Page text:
He told his wife that he was wearing the uniform of criminals and said that, “One is ashamed to be a German”.

In 1943, after witnessing the suppression of the Warsaw Ghetto revolt when every last Jew was either killed in the uprising or deported to the gas chambers, he wrote in his diary, “These animals. With horrible mass murder of the Jews, we have lost this war. We have brought an eternal curse on ourselves and will be forever marked with shame. We have no right to ask for compassion or mercy; we all have a share in the guilt. I am ashamed to walk in the city”.

“It is impossible to believe all these things, even though they are true. Yesterday I saw two of these beasts (S.S men) in the tram. They were holding whips in their hands when they came out of the ghetto. I would like to throw those dogs under the tramp. What cowards we are, wanting to be better and allowing all this to happen. For this, we too will be punished, and our innocent people after us, because in allowing these evil deeds to occur, we are partners to the guilt.”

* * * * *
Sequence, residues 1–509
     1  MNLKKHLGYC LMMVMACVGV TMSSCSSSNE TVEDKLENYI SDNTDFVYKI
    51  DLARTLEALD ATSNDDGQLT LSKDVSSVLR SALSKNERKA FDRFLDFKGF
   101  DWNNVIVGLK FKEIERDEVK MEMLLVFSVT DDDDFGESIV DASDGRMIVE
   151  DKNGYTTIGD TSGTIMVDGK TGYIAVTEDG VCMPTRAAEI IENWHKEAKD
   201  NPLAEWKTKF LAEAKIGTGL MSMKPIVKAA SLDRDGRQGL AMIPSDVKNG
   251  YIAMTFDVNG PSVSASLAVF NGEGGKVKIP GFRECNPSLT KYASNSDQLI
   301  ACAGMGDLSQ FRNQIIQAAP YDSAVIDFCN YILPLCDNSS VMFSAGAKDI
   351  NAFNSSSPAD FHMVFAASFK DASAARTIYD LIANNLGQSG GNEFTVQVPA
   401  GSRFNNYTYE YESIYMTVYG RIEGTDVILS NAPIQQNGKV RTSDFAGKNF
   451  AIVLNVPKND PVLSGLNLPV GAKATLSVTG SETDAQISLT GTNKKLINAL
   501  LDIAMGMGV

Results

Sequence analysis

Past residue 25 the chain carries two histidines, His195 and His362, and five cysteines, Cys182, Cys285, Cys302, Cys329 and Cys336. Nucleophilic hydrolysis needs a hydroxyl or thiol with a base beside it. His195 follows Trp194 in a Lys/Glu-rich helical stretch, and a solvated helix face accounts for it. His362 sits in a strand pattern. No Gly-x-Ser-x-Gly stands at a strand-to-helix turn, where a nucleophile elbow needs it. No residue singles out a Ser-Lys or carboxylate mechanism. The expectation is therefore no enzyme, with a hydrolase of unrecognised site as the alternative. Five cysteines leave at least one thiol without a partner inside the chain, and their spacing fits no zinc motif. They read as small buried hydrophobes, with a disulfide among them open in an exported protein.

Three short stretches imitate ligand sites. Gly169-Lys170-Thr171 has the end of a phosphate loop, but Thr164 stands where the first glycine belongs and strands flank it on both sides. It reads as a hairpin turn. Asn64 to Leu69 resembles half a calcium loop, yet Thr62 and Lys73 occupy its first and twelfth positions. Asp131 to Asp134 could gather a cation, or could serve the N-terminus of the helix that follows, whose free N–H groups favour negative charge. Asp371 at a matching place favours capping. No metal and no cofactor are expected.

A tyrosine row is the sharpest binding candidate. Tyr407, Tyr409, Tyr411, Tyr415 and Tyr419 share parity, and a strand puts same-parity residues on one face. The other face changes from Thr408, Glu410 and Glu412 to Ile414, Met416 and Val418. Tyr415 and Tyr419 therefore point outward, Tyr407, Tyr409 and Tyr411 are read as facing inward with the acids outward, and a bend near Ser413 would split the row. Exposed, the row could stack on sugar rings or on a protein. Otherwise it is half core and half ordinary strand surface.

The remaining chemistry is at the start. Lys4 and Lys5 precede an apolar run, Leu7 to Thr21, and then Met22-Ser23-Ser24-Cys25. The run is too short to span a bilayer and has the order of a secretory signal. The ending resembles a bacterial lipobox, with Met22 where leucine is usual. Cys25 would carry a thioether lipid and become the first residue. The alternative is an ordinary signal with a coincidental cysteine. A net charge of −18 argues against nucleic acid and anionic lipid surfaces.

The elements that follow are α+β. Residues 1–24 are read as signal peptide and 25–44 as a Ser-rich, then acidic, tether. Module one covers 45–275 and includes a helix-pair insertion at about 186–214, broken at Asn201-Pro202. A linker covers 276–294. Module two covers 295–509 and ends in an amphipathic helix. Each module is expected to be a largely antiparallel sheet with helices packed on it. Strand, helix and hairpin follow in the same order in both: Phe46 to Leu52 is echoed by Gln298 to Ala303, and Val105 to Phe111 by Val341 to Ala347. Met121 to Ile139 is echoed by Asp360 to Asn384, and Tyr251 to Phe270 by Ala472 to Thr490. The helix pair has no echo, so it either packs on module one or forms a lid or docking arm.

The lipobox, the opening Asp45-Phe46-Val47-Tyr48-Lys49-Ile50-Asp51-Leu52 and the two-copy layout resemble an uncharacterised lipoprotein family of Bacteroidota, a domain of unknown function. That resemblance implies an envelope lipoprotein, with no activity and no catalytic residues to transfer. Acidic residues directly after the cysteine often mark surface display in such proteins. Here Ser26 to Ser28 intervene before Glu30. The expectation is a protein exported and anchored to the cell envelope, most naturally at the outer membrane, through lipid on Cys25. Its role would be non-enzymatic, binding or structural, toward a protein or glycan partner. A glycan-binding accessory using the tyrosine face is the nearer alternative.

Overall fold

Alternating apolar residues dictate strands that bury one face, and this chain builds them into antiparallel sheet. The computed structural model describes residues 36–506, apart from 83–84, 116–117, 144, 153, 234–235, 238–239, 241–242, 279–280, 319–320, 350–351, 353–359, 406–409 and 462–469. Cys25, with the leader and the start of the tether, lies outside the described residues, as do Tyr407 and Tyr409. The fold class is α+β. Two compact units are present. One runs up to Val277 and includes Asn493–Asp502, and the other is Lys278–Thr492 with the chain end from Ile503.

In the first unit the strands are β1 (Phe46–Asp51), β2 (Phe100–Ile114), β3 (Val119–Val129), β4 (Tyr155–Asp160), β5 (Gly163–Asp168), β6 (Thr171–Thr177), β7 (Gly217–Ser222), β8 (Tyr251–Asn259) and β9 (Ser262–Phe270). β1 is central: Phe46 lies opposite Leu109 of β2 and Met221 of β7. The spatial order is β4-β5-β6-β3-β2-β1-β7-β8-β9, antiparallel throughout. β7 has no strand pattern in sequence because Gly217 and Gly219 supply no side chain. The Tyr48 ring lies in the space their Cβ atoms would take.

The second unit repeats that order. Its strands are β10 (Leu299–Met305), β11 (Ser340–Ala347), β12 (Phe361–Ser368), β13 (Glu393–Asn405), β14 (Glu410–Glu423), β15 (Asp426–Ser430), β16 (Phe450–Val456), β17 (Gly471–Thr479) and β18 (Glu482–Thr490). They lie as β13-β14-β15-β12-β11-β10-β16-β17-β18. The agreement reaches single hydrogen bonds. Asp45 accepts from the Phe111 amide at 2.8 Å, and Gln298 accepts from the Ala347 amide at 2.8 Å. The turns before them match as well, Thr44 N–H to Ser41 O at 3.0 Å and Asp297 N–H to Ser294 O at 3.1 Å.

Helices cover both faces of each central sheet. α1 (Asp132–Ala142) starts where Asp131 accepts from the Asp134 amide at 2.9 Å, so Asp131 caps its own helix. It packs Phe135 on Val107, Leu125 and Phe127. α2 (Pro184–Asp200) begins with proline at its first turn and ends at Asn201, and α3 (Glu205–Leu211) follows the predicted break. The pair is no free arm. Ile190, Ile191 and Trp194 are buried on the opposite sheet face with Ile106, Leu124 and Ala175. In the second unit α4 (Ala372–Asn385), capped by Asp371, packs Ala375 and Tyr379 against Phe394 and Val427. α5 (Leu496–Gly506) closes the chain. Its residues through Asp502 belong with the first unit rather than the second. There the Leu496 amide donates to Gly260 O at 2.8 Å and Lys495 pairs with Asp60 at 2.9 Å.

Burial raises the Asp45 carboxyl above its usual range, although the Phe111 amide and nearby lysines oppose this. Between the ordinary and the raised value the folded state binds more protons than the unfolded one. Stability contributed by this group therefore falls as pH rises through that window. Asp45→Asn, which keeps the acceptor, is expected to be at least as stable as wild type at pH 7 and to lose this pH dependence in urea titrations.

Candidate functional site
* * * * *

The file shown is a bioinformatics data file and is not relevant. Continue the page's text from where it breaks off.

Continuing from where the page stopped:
“These brutes think we shall win the war that way. But we have lost the war with this appalling mass murder of the Jews. We have brought shame upon ourselves that cannot be wiped out; it is a curse that cannot be lifted. We deserve no mercy; we are all guilty.”

Although Hosenfeld’s circumstance pushed him to join Hitler’s army, his true humanity helped him to recognize the crimes of his countrymen, resist indoctrination and ultimately help to protect the innocents.

He was later honored by the world for his contribution and given a title for his courage, kindness and progressive thought. He was awarded the honorific “Righteous Among the Nations” by The Israeli Foreign Ministry in 2007 for non-Jews who risked their lives during the Holocaust to save Jews from extermination by the Nazis, and the Order of Polonia Restituta in 2009 by the Polish Prime Minister.

He is perhaps most influential in the way that he reminds all of us that even in the bleakest of waters, honorable life can swim. It is too painful to imagine that every Nazi could have been brainwashed to such a degree, to remove their humanity. Hosenfeld encourages us to hope that there were others who’s humanity shone through the darkness.

The strong message that this cinematic true story has left in the heart of audiences the world over is one of humanity, love, and astonishing bravery. But also of the power of art and music to intensify the spirit. In the most harrowing of times, music was the miracle that helped to repel the inhumanity of war, drive away hatred and brought enemies closer together.“The battle line between good and evil runs through the heart of every man.” – Aleksandr Solzhenitsyn